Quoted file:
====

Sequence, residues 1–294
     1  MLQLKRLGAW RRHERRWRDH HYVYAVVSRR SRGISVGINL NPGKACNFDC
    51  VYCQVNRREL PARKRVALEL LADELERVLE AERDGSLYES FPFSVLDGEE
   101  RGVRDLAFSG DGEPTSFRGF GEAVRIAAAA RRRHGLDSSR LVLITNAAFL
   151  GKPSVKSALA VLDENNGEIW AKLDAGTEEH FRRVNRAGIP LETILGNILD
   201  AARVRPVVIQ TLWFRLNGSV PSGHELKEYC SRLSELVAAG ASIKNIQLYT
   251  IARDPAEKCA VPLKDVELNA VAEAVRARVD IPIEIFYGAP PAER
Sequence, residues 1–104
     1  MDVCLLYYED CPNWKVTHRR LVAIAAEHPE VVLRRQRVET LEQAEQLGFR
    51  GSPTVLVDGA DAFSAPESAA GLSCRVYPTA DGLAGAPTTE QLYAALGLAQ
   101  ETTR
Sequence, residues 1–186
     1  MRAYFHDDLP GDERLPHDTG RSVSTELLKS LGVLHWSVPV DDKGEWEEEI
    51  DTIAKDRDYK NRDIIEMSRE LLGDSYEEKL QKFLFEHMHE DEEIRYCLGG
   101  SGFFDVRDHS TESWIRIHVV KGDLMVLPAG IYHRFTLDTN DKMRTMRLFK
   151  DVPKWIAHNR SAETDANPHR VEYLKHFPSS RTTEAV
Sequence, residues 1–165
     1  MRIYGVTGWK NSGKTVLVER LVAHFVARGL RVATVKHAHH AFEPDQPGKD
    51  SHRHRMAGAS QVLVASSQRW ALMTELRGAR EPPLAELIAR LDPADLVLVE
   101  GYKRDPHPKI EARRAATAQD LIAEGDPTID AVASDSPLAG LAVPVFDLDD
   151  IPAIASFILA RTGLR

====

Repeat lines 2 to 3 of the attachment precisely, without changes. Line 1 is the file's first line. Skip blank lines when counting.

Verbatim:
     1  MLQLKRLGAW RRHERRWRDH HYVYAVVSRR SRGISVGINL NPGKACNFDC
    51  VYCQVNRREL PARKRVALEL LADELERVLE AERDGSLYES FPFSVLDGEE